to outline Atterbury’s illegal activities and Galett’s attempts to cover them up. Carson and Lewis provided MacGhee with many documents and oral information about the illegal activities of Atterbury and Galett. Carson and Lewis provided MacGhee with names of individuals that he could call or bring in as witnesses of the unsafe practices of Galett and Atterbury. Although the complaints of Carson and Lewis to the hotline were anonymous, anyone at NJA or NJLA who knew of the complaints would know from the nature of the complaints that they had been made by Carson and Lewis. Carson’s position as Director of Training and Lewis’s position as Chief Pilot put them in unique positions to know of these matters and to be able to ascertain the truth of these matters. They also disclosed to Boisture, Galett, and MacGhee that it was they who had called the Berkshire hotline. MacGhee completed his review on March 14, 2005 and forwarded his findings to Boisture. Boisture discussed the Moscow to Luton flight with Galett who later issued a written reprimand to Atterbury regarding the flight and the inoperable engine igniter. Boisture later disclosed the results of the investigation of NJLA to NJLA management. On March 11, 2005, Galett met privately with Carson and Lewis and told them he knew what they had done and that they had almost killed the Boeing program. He told them that he would be watching them closely and he revoked some of their management privileges and reduced their authority. Galett told Carson not to speak to the FAA and told him that he would be reporting to Atterbury. On March 11, 2005, Carson and Lewis submitted their resignations to Boisture which were accepted. They indicated that they would return to duty as line pilots. Ultimately Carson and Lewis were assigned to the Hawker 800XP aircraft and reported to Chief Pilot, Dave McCormick, who reported to Gary Hart, Vice President of Flight Operations/Director of Operations. Carson and Lewis underwent training to fly the Hawker aircraft. Lewis attempted to obtain a medical leave of absence from NJA due to his back problems. His back problems made it difficult for him to fly the cramped Hawker aircraft and to perform the required duties, but they did not prevent him from flying the larger Boeing planes flown by Vision Airlines. Carson and Lewis began flying for Vision Airlines in the summer of 2005. Flying for other commercial airlines while employed by NJA is permitted by the contract and recognized in the Flight Operations Manual. The flying of Carson and Lewis for Vision Airlines was not competitive with the operations of NJLA or NJA because it was pursuant to a contract with the United States Government in support of military operations. On September 21, 2005 NJA Director of Security Jeff Parson received an anonymous phone call stating that Carson and Lewis were flying for another airline while employed by NJA. The caller provided Parson with information concerning the flying activity of Carson and Lewis while simultaneously employed by NJA. MacGhee ordered that an outside investigator be hired to investigate Carson and Lewis’ flying for another airline. The investigation was conducted from September 27 to October 7, 2005 by Irwin Cohen. Cohen contacted Hart on or about October 4, 2005 requesting information regarding whether pilots are obligated to report commercial flying they performed for other carriers. The following day Cohen contacted Hart to inform him that he was investigating Carson and Lewis. He requested that Hart provide him Carson and Lewis’ employment status with NJA on the July and August dates that the Premier flight logs indicated that they were flying for that carrier. Cohen also wanted to know if Carson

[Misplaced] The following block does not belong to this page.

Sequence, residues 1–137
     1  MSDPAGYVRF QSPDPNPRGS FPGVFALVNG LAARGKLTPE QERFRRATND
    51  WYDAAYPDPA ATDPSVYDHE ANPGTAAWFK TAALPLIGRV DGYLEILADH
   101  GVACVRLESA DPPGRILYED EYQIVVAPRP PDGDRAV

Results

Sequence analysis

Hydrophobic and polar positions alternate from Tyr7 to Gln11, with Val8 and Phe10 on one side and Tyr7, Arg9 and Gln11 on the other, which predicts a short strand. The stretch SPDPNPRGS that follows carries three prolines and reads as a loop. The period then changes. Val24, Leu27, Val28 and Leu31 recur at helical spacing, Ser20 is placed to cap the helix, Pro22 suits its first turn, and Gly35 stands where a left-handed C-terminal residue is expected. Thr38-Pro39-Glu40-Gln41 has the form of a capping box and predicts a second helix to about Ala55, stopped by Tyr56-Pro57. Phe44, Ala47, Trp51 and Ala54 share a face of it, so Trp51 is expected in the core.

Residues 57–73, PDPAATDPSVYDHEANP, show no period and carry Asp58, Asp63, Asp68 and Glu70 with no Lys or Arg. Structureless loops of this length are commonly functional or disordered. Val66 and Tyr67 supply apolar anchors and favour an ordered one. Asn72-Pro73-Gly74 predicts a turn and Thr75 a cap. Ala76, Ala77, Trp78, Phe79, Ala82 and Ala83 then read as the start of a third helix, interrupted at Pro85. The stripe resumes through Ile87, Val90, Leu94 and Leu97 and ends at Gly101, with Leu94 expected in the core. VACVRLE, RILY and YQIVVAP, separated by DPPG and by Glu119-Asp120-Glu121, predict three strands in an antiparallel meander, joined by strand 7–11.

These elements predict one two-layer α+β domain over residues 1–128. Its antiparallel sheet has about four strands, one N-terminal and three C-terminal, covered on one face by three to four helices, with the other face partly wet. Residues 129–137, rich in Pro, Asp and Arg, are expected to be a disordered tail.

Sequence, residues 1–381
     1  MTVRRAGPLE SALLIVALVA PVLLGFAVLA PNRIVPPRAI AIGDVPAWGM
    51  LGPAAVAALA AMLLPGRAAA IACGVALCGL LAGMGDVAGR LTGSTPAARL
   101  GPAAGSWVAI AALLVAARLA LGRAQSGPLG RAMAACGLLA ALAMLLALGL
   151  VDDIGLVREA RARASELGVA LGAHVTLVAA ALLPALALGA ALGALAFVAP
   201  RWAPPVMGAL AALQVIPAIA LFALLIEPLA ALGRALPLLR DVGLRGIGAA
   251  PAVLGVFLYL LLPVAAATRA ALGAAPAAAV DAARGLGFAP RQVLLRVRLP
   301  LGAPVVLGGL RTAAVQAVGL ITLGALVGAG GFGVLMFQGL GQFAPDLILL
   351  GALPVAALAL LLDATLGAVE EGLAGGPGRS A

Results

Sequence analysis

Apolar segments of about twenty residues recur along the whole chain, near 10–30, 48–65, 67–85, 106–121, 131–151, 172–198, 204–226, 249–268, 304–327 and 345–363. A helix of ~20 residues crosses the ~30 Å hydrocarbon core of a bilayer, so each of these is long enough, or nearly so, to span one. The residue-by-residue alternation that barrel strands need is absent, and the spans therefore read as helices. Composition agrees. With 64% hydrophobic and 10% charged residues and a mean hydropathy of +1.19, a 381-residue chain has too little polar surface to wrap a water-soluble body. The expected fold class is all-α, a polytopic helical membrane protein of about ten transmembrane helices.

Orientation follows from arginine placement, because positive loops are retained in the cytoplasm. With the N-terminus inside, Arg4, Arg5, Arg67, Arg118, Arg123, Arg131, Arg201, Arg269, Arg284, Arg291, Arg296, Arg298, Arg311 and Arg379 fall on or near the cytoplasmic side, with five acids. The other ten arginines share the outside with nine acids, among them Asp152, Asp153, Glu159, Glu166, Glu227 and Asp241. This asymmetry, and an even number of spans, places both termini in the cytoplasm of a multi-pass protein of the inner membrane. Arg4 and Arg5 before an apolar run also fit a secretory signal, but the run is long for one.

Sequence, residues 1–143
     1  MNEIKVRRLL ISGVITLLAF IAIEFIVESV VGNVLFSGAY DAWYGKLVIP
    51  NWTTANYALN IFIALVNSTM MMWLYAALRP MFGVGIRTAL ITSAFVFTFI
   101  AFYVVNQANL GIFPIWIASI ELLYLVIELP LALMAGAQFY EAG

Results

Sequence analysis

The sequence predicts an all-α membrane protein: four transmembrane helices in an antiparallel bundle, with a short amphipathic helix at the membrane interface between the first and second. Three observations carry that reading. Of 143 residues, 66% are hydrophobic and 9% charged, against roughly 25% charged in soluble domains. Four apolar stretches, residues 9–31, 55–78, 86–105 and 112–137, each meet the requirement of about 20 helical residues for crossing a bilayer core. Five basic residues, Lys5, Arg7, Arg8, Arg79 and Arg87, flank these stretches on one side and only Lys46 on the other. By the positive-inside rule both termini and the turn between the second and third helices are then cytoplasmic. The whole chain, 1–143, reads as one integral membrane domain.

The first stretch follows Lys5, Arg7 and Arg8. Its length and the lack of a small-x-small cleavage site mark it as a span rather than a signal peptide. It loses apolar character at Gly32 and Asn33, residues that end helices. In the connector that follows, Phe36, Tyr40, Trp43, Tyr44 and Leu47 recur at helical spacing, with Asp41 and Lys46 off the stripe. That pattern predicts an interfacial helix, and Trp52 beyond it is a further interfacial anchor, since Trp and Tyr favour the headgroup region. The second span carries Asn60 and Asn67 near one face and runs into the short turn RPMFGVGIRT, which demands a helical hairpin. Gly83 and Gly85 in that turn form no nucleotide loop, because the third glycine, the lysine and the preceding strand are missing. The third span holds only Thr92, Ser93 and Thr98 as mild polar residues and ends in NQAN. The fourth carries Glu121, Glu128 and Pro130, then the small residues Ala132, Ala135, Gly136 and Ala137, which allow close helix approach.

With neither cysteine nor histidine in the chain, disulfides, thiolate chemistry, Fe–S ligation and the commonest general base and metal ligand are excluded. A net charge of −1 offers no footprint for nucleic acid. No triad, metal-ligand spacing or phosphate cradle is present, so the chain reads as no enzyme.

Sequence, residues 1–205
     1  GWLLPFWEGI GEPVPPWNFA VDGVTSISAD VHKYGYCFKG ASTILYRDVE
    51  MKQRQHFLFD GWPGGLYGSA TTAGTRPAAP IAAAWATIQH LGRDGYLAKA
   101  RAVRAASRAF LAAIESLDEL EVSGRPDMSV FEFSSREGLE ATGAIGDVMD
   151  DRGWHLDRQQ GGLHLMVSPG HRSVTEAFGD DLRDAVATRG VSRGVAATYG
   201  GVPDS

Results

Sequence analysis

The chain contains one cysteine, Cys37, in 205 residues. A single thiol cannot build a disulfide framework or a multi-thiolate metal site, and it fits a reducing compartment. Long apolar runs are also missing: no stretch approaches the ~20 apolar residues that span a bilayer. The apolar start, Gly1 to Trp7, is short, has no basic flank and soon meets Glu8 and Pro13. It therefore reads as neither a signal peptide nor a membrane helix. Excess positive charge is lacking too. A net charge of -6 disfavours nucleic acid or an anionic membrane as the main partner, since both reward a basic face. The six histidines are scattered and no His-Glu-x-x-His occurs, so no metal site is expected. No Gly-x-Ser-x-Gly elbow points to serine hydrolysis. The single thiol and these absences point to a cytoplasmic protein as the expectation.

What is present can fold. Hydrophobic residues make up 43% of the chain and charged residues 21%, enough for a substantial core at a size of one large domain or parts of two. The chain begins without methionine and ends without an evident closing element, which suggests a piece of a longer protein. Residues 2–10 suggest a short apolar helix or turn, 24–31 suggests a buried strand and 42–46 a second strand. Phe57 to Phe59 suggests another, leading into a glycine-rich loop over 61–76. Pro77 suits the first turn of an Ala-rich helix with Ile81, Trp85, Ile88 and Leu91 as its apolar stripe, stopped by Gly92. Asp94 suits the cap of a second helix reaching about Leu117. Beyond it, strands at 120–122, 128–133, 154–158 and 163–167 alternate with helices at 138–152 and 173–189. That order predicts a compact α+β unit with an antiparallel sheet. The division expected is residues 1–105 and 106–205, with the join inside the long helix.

and Lewis had notified NJA personnel that they were flying for another company. On October 6, 2005, Hart advised Cohen that a review of NJA’s operations documents and records had found no evidence that either Carson or Lewis had ever submitted any “other commercial flying report” as required by the FOM corresponding with the dates the Premier flight logs show that they also flew as Premier pilots. On October 14, 2005, McCormick notified Carson and Lewis that they needed to travel to NJA headquarters in Columbus for an interview on October 17, 2005 regarding discrepancies in their sick leave. The meeting did not take place but on November 4, 2005, McCormick phoned Carson and Lewis informing of the decision to discharge them and to give them an opportunity to resign. Carson asked McCormick about the reason that he had been asked to resign and McCormick responded that Carson’s “sick leave was not in keeping that [he] was out flying and [he] didn’t report [his] flying time.” Termination notices were sent to Carson and Lewis on November 7, 2005. Conclusions of Law Section 42121 (a) of AIR 21 provides that: No air carrier or contractor or subcontractor of an air carrier may discharge an employee or otherwise discriminate against an employee with respect to compensation, terms, conditions, or privileges of employment because the employee )or any person acting pursuant to a request of the employer)— (1) provided, caused to be provided, or is about to provide (with any knowledge of the employer) or cause to be provided to the employer or Federal Government information relating to any violation of any order, regulation, or standard of the Federal Aviation Administration or any other provision of the Federal law relating to air carrier safety under this subtitle [49 USC §§ 40101 et seq] or any other law of the United States; The standard for granting summary decision in whistleblower cases is the same as for summary judgment under the analogous Fed. R. Civ. P 56(e). Summary decision is appropriate if the pleadings, affidavits, material obtained by discovery or otherwise, or matters officially noticed show that there is no genuine issue as to any material fact and that a party is entitled to summary decision as a matter of law. If the non-moving party fails to show an element essential to his case, there can be no genuine issue as to any material fact since a complete failure of proof concerning an essential element of the non-moving party’s case necessarily renders all other facts immaterial. Fullington v. AVSEC Services, LLC, ARB No 04019, slip opinion at 8 (ARB Oct. 26, 2005). See Anderson v. Liberty Lobby, 477 U. S. 242, 256257 (1986). The determination of whether a genuine issue of material fact exists must be made in the light most favorable to the non-moving party. Agristor Leasing v. Farrow, 826 F. 2d 732, 734 (8th Cir. 1987) As part of its prima facie case, a complainant in an Air 21 proceeding must show that the person making the adverse employment decision had knowledge of the protected activity. Gary